The Design and Manufacturing Technology Platform also collaborates with the UoA Product Accelerator’s 3D printing and Additive Manufacturing research capability to offer a comprehensive 3D printing expertise. This spans medical applications of high-end multi-material polymer and metal printing through to biomaterials for additive manufacturing. The combined expertise not only facilitates the rapid prototyping of manufactured medical devices across the MedTech CoRE, it will also targets entirely new forms of highly customised manufacturing of medical devices as well as novel healthcare products in the area of regenerative medicine. This will further exploit expertise in the development of biodegradable natural/synthetic biomaterials and custom 3D bioprinting devices for high value manufacturing of patient and tissue specific implants for clinical translation.

This aspect of the platform is aligned with the following themes within the MedTech CoRE: Theme 2: Interventional Technologies and Theme 5: Tissue Engineering for Regenerative Medicine with a specific interest in Flagship 4: Patient-specific virtual organs for surgical planning and Flagship 6: Innovative new strategies for musculoskeletal & soft tissue repair.


Principal Investigator

Victoria University of Wellington

Associate Investigators

Victoria University of Wellington

  • Dr Will Browne
  • Kah Chan
  • Bernard Guy
  • Dr Taeyhun Rhee
  • Dr Brian Robinson
  • Dr Edgar Rodriguez

University of Auckland

  • Dr Thor Besier
  • Prof Jillian Cornish
  • Dr Tim Woodfield

Auckland University of Technology

  • Dr Duncan Babbage
  • Dr Nicola Kayes
  • Dr Nada Signal

Our Work


Current collaborators

The Platform will bring together multiple fields: medical technologies, software and hardware engineering, clinical research, human psychology, medical device design and manufacturing industries with specific involvement of MedTech CoRE and CMDT industry partners.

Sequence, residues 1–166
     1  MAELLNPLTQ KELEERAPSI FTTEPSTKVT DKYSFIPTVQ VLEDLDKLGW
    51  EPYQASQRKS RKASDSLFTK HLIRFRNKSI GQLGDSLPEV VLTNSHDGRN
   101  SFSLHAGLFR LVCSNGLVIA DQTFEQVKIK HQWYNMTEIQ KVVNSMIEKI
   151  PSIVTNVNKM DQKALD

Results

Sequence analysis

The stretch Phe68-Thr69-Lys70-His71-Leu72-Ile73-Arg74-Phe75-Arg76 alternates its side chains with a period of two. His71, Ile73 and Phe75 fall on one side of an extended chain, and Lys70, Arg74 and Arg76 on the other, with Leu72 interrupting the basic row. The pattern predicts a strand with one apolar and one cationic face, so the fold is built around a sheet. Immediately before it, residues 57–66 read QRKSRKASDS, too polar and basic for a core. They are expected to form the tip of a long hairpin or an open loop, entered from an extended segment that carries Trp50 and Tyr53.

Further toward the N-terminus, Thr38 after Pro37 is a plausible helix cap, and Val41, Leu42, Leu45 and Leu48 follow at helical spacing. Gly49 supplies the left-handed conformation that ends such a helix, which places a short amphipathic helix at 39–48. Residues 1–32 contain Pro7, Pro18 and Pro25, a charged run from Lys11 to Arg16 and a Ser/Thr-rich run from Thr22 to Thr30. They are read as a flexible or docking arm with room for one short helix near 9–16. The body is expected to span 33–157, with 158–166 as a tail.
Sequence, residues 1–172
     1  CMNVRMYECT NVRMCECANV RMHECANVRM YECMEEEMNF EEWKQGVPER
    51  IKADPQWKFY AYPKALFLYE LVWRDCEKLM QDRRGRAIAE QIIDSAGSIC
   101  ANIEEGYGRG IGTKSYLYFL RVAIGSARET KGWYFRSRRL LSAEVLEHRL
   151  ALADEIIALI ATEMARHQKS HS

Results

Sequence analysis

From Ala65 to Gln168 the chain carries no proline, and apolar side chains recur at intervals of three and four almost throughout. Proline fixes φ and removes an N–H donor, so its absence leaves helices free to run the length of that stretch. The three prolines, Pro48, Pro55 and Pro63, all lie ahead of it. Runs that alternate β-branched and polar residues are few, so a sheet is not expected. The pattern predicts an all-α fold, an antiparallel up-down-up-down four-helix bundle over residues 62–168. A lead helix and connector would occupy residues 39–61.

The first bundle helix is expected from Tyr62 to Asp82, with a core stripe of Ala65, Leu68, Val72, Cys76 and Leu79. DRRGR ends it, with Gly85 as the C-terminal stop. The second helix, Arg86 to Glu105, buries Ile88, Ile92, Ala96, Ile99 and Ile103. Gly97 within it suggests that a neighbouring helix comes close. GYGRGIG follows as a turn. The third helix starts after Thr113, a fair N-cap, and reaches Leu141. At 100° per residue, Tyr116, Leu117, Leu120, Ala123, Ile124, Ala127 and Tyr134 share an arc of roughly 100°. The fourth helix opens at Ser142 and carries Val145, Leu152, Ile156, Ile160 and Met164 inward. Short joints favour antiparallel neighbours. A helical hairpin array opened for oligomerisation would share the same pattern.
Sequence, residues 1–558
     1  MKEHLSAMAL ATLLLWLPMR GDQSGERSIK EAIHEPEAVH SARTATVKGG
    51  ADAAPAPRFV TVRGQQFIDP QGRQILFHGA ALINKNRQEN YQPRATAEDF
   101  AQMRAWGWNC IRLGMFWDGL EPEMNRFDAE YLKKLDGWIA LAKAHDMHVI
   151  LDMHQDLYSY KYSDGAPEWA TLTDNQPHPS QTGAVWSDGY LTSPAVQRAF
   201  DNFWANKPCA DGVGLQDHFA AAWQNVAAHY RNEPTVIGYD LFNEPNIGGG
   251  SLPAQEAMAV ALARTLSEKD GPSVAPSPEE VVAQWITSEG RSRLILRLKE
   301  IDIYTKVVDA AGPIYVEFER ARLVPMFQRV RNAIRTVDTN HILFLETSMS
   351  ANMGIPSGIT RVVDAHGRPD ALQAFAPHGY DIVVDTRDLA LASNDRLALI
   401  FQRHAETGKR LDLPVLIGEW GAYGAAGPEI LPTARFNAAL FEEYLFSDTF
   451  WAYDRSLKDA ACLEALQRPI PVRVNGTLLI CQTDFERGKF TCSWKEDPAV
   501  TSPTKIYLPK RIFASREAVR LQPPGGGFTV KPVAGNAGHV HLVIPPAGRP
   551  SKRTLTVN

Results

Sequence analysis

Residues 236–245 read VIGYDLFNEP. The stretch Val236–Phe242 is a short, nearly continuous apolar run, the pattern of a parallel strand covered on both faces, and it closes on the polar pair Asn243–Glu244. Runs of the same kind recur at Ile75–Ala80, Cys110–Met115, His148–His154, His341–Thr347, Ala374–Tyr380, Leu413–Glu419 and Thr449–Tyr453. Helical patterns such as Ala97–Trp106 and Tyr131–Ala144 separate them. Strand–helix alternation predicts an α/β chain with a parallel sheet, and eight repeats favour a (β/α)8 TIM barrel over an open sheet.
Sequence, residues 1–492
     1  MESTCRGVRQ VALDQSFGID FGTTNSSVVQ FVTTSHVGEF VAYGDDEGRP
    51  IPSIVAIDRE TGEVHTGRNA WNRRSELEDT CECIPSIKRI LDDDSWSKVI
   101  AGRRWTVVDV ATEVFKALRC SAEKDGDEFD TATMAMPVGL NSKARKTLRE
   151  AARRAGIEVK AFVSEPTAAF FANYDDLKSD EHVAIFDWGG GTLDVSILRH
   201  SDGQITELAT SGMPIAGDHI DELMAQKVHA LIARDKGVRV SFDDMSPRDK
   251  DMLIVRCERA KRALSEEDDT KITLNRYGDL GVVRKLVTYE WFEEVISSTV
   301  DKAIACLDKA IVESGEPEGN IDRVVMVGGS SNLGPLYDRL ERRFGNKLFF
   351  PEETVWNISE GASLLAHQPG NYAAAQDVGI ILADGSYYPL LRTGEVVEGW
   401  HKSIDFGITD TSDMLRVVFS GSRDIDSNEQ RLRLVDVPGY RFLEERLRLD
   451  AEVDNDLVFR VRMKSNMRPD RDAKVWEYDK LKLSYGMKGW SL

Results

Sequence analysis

This Technology Platform includes strategic research partners within Victoria University (Media Design and Industrial Design, Software Engineering, Electronics and Computer Systems Engineering, MacDiarmid Institute) alongside the platform partners UoC (Micro-fabrication, Biomimetics) and UoO (3D Bioprinting, Biomaterials design, Medical device design). Postgraduate students from industrial design, media design, business, engineering and medicine will be supervised within the Platform’s research programme at partner institutions.

Each partner offers Masters and PhD positions in collaboration with industry partners including ACC, Philips Design, Im-Able, Ossis, Enztec, MARS Bioimaging, Mesynthes, Electrospinz. We also have close ties to the digital creative industry via companies such as Weta Digital, Weta Workshop, RESN, PikPok Interactive, Carnival Labs, and Optimal Experience.

The group is collaborating with leading international design and manufacturing universities including: Eindhoven University of Technology (Design for Quality in Interaction and Smart Fabrics), Loughborough University (REMEDI programme, MedTech automation and scale-up), Polytechnic Institute Leiria (Virtual and Rapid Prototyping), Queensland University of Technology/University of Wollongong (Industrial Transformation Training Centre in Additive Biofabrication).



  1. Signal Processing and Event Detection of Hip Implant Acoustic Emissions


  1. Squeaking in Ceramic-on-ceramic hips: No Evidence of Contribution from the Trunnion Morse Taper
  2. Stem Cells for Bone Regeneration: Role of Trophic Factor
  3. Smart Interactions for Home Healthcare: A Semantic Shift
  4. New Visible Light Photo-initiating System for Improved Print Fidelity in Gelatine Based Bio-inks
  5. Modular Tissue Assembly Strategies for Biofabrication of Engineered Cartilage
  6. Additive Manufacturing of a Photo-Cross-Linkable Polymer via Direct Melt Electro-spinning Writing For Producing High Strength Structures
  7. Biofabrication: Reappraising the Definition in an Evolving Field


  1. Three-dimensional Assembly of Tissue-engineered Cartilage Constructs Results in Cartilaginous Tissue Formation without Retainment of Zonal Characteristics